But narcissists will need a bit more schmooze than your average person. While it sounds counter-intuitive, you almost need to play the narcissist’s game to get through to them. As difficult as it may seem, there are certain techniques you can use to counter narcissists’ attacks. One of the most effective involves Ross Rosenberg’s Observe, Don’t Absorb technique.
How does the Observe, Don’t Absorb Technique work?
When I interviewed Ross Rosenberg, he told me that the whole point of the Observe, Don’t Absorb Technique is that when the narcissist wants power over you, “they want to get you into what I call their wrestling ring, and that is where they always are in control, and they have all the power.”
“So once they get a reaction out of you, through many techniques (including induced conversation technique), you lose your power because narcissists know how to fight,” he said. “They know how to manipulate, they know how to guilt and shame, and an SLD or codependent can never stand their own.”
“Essentially, the Observe, Don’t Absorb Technique is a way to safely disassociate from a narcissist who gains power by triggering your emotions and making you fight them in a fight that you can never win,” Rosenberg said.
So, if you’re trying to get through to a narcissist, you can try these steps.
- Respond as diplomatically as humanly possible.
- Be honest, but don’t say too much.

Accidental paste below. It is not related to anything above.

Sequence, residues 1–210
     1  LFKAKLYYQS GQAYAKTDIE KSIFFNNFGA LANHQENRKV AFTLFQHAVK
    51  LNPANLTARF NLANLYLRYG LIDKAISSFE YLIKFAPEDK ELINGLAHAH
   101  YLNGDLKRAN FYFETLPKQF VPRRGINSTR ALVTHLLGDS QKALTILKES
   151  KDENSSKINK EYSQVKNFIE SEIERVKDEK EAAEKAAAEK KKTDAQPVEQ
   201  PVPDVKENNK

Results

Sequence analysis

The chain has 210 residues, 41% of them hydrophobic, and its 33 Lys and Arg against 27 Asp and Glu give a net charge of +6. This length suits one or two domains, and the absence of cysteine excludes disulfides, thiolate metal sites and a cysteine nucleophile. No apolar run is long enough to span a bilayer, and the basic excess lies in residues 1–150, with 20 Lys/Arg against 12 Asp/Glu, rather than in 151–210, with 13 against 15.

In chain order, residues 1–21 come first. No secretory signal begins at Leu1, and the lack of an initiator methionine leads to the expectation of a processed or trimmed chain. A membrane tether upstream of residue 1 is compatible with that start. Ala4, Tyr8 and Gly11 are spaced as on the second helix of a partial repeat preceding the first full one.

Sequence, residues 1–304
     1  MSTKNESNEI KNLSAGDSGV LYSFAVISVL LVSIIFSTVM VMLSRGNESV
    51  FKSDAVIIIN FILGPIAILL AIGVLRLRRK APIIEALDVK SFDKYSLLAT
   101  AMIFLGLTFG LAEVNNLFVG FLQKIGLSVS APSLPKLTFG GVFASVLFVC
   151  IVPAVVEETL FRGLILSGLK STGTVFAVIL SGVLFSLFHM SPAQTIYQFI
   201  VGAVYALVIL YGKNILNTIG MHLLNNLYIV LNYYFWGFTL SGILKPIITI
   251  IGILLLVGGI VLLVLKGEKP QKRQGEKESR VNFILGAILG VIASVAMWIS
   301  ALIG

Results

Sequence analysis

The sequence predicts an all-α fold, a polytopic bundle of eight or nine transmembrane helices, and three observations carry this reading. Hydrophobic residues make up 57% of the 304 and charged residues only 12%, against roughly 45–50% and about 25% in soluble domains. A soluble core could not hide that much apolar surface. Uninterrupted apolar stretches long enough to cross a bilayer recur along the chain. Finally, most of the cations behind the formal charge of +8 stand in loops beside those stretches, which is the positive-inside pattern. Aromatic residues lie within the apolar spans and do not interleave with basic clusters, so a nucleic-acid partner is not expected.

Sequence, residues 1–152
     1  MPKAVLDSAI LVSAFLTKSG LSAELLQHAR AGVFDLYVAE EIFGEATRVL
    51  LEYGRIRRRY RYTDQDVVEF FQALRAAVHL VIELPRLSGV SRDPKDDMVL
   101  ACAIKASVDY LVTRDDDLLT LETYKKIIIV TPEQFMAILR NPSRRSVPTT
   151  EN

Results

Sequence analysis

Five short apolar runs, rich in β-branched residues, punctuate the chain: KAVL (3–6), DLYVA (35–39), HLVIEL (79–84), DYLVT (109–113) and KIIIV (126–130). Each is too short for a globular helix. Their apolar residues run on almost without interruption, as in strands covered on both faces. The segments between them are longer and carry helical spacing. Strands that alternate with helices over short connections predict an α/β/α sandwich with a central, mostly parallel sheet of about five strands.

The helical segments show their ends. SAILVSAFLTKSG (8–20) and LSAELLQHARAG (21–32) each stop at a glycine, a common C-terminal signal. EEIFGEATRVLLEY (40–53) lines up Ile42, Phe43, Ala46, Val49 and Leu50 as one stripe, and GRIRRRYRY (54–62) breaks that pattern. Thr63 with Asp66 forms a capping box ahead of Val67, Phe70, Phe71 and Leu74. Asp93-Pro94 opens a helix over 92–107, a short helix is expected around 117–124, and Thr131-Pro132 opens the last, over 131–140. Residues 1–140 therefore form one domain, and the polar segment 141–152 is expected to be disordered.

- Don’t let them provoke you into an argument, respond calmly.
Of course, it’s important to remember that there are times when the narcissist almost literally cannot hear you. In these cases, it’s best to wait until they’re more receptive, assuming you have no choice but to deal with them. Of course, ideally, you’d go no contact or low contact so you won’t HAVE TO deal with them.
But what if you MUST deal with the narcissist? And what if they refuse to hear you and refuse to allow you to be assertive? What do you do then? Well, you learn how to control them.
How to Control a Narcissist (When Nothing Else Works)
This may be a bit controversial, but if you really wanted to, there are ways you can literally manipulate the narcissist into submission. It takes a little time and is most definitely not something you can comfortably maintain long-term. But here’s what you’d need to do.
Things to Remember